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cousin jack

USA Horselogging

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This is a chap called Greg Caudell, lives and works in Washington state, just watch this through to the end and then tell me theres no place for horse logging in this day and age

[ame=http://www.youtube.com/watch?v=AvAA7XZSGQs&feature=player_embedded]YouTube - Belgian draft horses logging 3 abreast[/ame]

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This is a chap called Greg Caudell, lives and works in Washington state, just watch this through to the end and then tell me theres no place for horse logging in this day and age

 

Every time i see footage of horse logging it brings me joy......

Would love to do some work with some in the future.

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hi,very good vid, plenty of space in this county for more use with horses.my friend does some horse logging in delermere forest and other places i envy him!got a cob with plenty of bone shall break to harness when hes older .... plenty of time yet.

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Every time i see footage of horse logging it brings me joy......

Would love to do some work with some in the future.

 

I'm glad that people enjoy seeing it, done well it is impressive stuff, unfortunately there are some people who play at it, call themselves horse loggers and then pull out a twig at a time, and wonder why no-one takes them seriously. This is what I mean

[ame]

[/ame] Edited by cousin jack
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have you seen the DVD sold on ebay called "low impact forestry workshop" its about 60mins all about horse logging, how to lay the woods out and various methods of horse extraction, pretty interesting stuff

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This is a chap called Greg Caudell, lives and works in Washington state, just watch this through to the end and then tell me theres no place for horse logging in this day and age

 

Theres no place for horse logging in this day and age.

 

 

 

 

 

:001_tt2:

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have you seen the DVD sold on ebay called "low impact forestry workshop" its about 60mins all about horse logging, how to lay the woods out and various methods of horse extraction, pretty interesting stuff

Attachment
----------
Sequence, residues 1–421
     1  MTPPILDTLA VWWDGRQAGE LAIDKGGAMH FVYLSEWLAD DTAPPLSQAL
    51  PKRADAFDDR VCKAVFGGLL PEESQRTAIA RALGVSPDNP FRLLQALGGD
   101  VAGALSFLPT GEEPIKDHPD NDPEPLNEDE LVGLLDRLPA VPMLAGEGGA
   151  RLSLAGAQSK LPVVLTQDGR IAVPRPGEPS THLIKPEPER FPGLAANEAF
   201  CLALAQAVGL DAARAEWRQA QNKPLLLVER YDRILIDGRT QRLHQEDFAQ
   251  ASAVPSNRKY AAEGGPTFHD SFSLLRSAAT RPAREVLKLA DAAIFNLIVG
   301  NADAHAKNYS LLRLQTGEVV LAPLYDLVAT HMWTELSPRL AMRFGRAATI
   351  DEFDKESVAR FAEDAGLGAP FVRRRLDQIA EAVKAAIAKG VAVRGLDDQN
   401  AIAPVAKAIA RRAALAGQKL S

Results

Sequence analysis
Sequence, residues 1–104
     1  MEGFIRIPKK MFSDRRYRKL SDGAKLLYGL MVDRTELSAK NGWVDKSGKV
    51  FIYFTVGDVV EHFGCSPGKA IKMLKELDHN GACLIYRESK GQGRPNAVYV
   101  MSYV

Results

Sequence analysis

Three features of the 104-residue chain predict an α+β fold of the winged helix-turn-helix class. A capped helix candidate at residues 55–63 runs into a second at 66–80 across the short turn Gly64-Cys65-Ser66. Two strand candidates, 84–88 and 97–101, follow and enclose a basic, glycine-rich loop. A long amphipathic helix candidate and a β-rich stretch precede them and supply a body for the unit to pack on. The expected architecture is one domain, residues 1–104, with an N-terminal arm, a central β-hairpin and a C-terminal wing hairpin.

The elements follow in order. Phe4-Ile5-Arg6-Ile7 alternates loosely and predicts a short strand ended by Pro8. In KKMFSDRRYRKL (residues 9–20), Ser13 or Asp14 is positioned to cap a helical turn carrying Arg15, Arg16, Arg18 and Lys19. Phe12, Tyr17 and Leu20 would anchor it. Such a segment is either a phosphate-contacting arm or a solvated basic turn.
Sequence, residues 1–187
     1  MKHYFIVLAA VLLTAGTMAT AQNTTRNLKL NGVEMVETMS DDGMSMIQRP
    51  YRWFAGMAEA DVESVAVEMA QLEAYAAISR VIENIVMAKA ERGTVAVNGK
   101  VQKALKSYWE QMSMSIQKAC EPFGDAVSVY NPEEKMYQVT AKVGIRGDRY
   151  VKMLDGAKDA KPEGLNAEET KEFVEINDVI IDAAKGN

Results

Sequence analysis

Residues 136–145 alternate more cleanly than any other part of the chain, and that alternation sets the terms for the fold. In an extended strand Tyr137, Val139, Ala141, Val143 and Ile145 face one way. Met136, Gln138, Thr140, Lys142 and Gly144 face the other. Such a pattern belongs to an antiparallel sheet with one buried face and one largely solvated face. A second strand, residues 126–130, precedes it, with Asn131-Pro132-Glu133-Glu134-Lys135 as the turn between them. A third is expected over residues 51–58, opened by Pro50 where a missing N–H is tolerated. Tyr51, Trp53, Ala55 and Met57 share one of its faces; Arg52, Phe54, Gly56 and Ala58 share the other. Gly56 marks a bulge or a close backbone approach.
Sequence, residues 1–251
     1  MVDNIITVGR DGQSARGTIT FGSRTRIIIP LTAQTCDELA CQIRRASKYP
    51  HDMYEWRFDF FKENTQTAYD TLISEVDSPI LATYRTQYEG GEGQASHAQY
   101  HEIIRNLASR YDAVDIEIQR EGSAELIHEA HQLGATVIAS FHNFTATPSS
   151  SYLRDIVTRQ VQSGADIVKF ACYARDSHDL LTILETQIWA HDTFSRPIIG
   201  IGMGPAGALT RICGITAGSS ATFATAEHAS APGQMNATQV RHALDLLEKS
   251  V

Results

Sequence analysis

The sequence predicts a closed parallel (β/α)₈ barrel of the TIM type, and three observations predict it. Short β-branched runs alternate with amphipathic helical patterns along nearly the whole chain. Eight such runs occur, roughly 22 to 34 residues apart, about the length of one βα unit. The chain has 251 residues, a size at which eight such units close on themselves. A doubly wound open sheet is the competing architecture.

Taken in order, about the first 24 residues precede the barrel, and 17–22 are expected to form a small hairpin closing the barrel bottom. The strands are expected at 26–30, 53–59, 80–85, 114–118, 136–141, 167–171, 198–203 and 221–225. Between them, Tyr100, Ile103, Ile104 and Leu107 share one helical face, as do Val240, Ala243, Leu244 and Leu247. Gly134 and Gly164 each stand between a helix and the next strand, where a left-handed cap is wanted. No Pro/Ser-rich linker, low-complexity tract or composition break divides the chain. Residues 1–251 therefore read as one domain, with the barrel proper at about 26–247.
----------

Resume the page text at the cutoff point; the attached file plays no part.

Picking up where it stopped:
Yes, I've got that one. I have got one on it's way from Greg Caudell now. I've also got a great Scandanavian one, which takes you through from a single horse and sled, through to a pair and powered grapple loader. It is amazing what muscle power, pulleys and leverage can achieve, unfortunately a lot of knowledge is being lost each passing year and it needs to be redressed now, I know from my own experience just how much you can learn from a knowledgeable man, I learnt more in two weeks from one chap, than I would have learnt in two years on my own.

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I'm glad that people enjoy seeing it, done well it is impressive stuff, unfortunately there are some people who play at it, call themselves horse loggers and then pull out a twig at a time, and wonder why no-one takes them seriously.

Thats my only exposure to 'oss logging, and why I never took it seriously before. At various woodland shows over the years I've watched these demos and thought ''I could carry that out!''. Perhaps people invest so much time and money into their animals that they're reluctant to injure them? By the way, on that subject I passed a sign yesterday that said ''Horse Breaking''. Never realised you could do that with horses, but if you want me to ask for any spares - feel free! :biggrin::thumbup:

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Thats my only exposure to 'oss logging, and why I never took it seriously before. At various woodland shows over the years I've watched these demos and thought ''I could carry that out!''. Perhaps people invest so much time and money into their animals that they're reluctant to injure them? By the way, on that subject I passed a sign yesterday that said ''Horse Breaking''. Never realised you could do that with horses, but if you want me to ask for any spares - feel free! :biggrin::thumbup:

The second video is what most people see, and they think its quaint and lovely, and totally non-commercial, which "that" is. It makes my teeth itch when he says, "horse logging is slow, VERY slow", I always find myself shouting at the pc then, talk about shooting yourself in the foot. Any forester seeing that, pulling one 8ft log at a time will just shake his head and walk away. I have mentioned Simon Lenihan before, he told me about a job he was called in to do, Ashpole Wood,in Yorkshire. A group of "horse loggers" had got a contract to extract ash trees from a steep place, they felled the trees, (80-100ft), straight as a die, and then started to cross cut them:ohmy: at 8ft lengths, to parbuckle them onto a small 8-wheeler, after 3 days they had extracted approx. 10 ton. This was too much for the head forester, who had them out.Horse logging was now a dirty word. The land agent knew of Simon and he was called in to finish the job. He felled the trees on to a bearer, this gave the horses the help they needed to start the load, one horse, tree length, straight down the bank into the field below. When the head forester turned up at lunch time, there was 30 ton in the field, he wanted to know "who" had got them there, he could not believe it at first, untill he saw it with his own eyes. But, had he not seen a good man, (and horse) at work, he would forever have damned horse logging, based on his experience with the first gang. They just did not have the know how to deal with it, yet they all advertise themselves as professional horse loggers, tarring us all with the same brush

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